10 Quick Ways to Make Your Home More Energy Efficient


If the cost of your winter heating bill is making you wince and the thought of your carbon footprint leaves you in dismay, here are 10 quick and easy ways you can make your home more energy efficient, without breaking the bank.

1. Know Your Technology

Heating TimerCraig Rodway / CC BY-NC-ND 2.0

The one absolutely most important piece of advice to take on board is to understand how your heating and hot water controls work. Learning to programme your central heating so it comes on only when you need it and switches off at just the right time before you leave the house or go to bed can end up saving you big money over the course of a year. Room thermostats, thermostatic radiator valves (TRV’s) and timers can all help your home become substantially more efficient if you take the time to learn how to use them. Best of all, it’s completely free!

2. Insulation

insulation materialjude hill / CC BY-NC-SA 2.0

The more insulation you can add to your home, the better. Not every house is suitable for cavity wall insulation, but most can have the loft insulated. The minimum recommended depth is 270mm, so if you’ve any less than this, get in touch with an installer or, if you feel confident, buy some insulation and lay it yourself to keep the heat from escaping. The cost is minimal, and the return on investment is huge.

3. Lighting Choices

Samsung LED BulbsSamsungTomorrow / CC BY-NC-SA 2.0

Most homes these days will be using some energy saving bulbs, and if you’re on the ball you may have changed all your incandescent bulbs for compact fluorescents (CFL’s). However, there is a new kid on the block in the form of LED lighting, which uses even less energy again and can last up to 9 times as long as a CFL. Add to this the fact there is no harmful mercury in LED bulbs and you’re onto a winner. That’s not to say you should replace working CFL’s with LEDs right away, but when one blows consider LED alternatives instead of another CFL.

4. Dam the Draughts

LetterboxKaptain Kobold / CC BY-NC-SA 2.0

Leaky windows, letterboxes, doors and floors can all cause heat to be lost more rapidly than necessary. If you can’t or don’t want to change windows for better fitting alternatives, use a caulk or silicon sealant to plug up the worst offenders and keep in the heat.

5. Stop the Standby

StandbyDaniele Civello / CC BY-NC 2.0

Leaving things like digiboxes, computers and consoles on standby can cost households between £70 and £100 each year. There are numerous gadgets on the market that can help avoid these costs, such as remote switches and standby savers, but really all it takes is a little commitment and willpower to change these habits.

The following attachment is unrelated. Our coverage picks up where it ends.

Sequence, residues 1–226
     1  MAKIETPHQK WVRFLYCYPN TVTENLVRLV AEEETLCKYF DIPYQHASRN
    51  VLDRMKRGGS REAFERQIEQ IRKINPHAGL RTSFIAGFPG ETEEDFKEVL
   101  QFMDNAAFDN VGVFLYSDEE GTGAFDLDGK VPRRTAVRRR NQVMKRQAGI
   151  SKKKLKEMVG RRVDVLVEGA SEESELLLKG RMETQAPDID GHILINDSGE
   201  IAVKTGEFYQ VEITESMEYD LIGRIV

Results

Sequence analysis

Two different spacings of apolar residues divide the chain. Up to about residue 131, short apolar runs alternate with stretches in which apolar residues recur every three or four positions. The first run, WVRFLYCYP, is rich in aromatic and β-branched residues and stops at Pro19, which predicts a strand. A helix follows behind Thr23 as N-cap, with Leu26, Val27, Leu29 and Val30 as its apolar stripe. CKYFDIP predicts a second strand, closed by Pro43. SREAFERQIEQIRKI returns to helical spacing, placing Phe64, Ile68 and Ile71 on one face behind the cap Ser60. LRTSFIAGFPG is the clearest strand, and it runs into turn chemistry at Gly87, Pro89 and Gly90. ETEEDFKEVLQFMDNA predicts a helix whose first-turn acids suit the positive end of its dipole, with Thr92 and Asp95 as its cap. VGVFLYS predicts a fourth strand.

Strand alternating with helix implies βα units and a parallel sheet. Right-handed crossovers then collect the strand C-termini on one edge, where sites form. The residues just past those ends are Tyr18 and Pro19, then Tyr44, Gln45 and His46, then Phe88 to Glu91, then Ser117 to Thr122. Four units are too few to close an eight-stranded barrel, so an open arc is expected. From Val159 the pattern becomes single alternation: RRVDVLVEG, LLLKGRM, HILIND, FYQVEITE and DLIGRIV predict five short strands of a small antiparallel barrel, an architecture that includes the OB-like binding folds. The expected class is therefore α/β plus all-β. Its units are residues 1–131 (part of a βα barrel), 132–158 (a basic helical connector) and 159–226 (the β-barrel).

6. Close the Curtains

CurtainsAureusbay / CC BY-NC 2.0

It sounds like a trifling issue, but actually shutting the curtains at dusk can reduce your heat loss by 10 – 15%. Make sure you invest in good, thick, lined curtains for the best results, or if you are using roller blinds consider going for thermal blackout blinds which have a layer of insulating foil between the exterior materials.

7. Boil Less

KettleJoshua Rappeneker / CC BY-SA 2.0

Try to accurately measure how much water you need, and only boil that amount in the kettle each time. Boiling too much water can be costly to both your bank account and your overall efficiency, so take note of what you need and boil conservatively.

8. Cook Clever

CookingIndyDina / CC BY 2.0

When cooking, the cheapest and most efficient way to cook is using a microwave. The power is delivered in a highly efficient and quick manner, but if you aren’t able to make your dinner in the microwave every time, a fan assisted gas oven is the second best choice. When cooking on the hob, always put the lids on the pans and turn down the heat as much as possible to save up to 12% on the cost of boiling veg.

9. Turn it Down

Thermostatbutkaj.com / CC BY 2.0

Turning your thermostat down by just 1degree can save as much as 10% on your energy consumption over a year, and you probably won’t even notice the difference in comfort levels. If you have a hot water cylinder, turning this down to heat the water to just 60 degrees rather than 70 or 80 will still produce plenty of hot water for your home, but could save substantially on consumption.

10. Wash Cooler

Washing MachineSunfox / CC BY-SA 2.0

Although many people assume a hot wash is a better wash, with modern detergents aimed to work at 30 degrees or less, the end result can often be just as good on a very cool cycle. Turning from 60 degrees down to 30 can reduce the electricity used in your machine by as much as 40%.

As well as these low cost, easy things you can do, there are numerous options for improving efficiency that require a little more thought or investment. Switching your fuel type, installing solid wall insulation and investing in renewables are all the next step to creating a more efficient home, but hopefully this list of 10 easy actions gives you something you can do right now to make steps towards greener living.

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